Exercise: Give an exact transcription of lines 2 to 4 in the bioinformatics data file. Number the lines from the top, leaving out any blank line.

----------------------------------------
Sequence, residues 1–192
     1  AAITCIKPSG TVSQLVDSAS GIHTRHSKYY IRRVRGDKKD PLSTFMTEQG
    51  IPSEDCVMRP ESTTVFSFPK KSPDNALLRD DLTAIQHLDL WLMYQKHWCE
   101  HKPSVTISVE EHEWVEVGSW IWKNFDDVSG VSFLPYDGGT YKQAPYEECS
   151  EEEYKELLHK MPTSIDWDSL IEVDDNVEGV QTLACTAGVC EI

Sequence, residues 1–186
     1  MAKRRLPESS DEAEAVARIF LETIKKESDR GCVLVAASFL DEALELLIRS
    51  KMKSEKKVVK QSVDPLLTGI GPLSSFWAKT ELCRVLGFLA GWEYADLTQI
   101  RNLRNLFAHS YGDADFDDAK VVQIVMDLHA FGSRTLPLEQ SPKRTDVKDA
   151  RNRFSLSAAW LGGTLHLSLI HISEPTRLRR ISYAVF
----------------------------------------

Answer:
     1  AAITCIKPSG TVSQLVDSAS GIHTRHSKYY IRRVRGDKKD PLSTFMTEQG
    51  IPSEDCVMRP ESTTVFSFPK KSPDNALLRD DLTAIQHLDL WLMYQKHWCE
   101  HKPSVTISVE EHEWVEVGSW IWKNFDDVSG VSFLPYDGGT YKQAPYEECS